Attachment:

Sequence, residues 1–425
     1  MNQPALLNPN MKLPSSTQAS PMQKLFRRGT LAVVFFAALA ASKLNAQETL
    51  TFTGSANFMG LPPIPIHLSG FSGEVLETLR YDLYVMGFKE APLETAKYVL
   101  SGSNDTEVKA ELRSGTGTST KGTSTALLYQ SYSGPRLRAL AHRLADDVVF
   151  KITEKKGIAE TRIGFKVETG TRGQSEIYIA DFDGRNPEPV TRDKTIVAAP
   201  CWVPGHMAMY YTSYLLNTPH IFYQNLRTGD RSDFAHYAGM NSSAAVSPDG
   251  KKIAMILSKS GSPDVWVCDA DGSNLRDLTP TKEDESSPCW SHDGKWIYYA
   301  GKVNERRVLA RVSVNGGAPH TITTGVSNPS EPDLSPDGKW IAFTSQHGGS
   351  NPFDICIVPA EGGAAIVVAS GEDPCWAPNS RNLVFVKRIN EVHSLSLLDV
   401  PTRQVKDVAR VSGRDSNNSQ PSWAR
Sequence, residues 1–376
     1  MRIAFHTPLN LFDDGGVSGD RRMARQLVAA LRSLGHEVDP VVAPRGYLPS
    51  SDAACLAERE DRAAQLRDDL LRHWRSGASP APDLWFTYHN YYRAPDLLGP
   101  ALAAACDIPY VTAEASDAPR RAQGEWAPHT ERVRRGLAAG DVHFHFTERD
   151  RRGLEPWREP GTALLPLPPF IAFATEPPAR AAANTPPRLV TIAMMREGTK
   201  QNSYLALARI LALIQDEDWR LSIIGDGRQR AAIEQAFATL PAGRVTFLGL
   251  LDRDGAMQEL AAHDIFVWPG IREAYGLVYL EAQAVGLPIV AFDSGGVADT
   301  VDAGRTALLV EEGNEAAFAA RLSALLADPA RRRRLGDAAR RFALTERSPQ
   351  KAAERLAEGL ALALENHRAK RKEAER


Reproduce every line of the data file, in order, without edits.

Sequence, residues 1–425
     1  MNQPALLNPN MKLPSSTQAS PMQKLFRRGT LAVVFFAALA ASKLNAQETL
    51  TFTGSANFMG LPPIPIHLSG FSGEVLETLR YDLYVMGFKE APLETAKYVL
   101  SGSNDTEVKA ELRSGTGTST KGTSTALLYQ SYSGPRLRAL AHRLADDVVF
   151  KITEKKGIAE TRIGFKVETG TRGQSEIYIA DFDGRNPEPV TRDKTIVAAP
   201  CWVPGHMAMY YTSYLLNTPH IFYQNLRTGD RSDFAHYAGM NSSAAVSPDG
   251  KKIAMILSKS GSPDVWVCDA DGSNLRDLTP TKEDESSPCW SHDGKWIYYA
   301  GKVNERRVLA RVSVNGGAPH TITTGVSNPS EPDLSPDGKW IAFTSQHGGS
   351  NPFDICIVPA EGGAAIVVAS GEDPCWAPNS RNLVFVKRIN EVHSLSLLDV
   401  PTRQVKDVAR VSGRDSNNSQ PSWAR
Sequence, residues 1–376
     1  MRIAFHTPLN LFDDGGVSGD RRMARQLVAA LRSLGHEVDP VVAPRGYLPS
    51  SDAACLAERE DRAAQLRDDL LRHWRSGASP APDLWFTYHN YYRAPDLLGP
   101  ALAAACDIPY VTAEASDAPR RAQGEWAPHT ERVRRGLAAG DVHFHFTERD
   151  RRGLEPWREP GTALLPLPPF IAFATEPPAR AAANTPPRLV TIAMMREGTK
   201  QNSYLALARI LALIQDEDWR LSIIGDGRQR AAIEQAFATL PAGRVTFLGL
   251  LDRDGAMQEL AAHDIFVWPG IREAYGLVYL EAQAVGLPIV AFDSGGVADT
   301  VDAGRTALLV EEGNEAAFAA RLSALLADPA RRRRLGDAAR RFALTERSPQ
   351  KAAERLAEGL ALALENHRAK RKEAER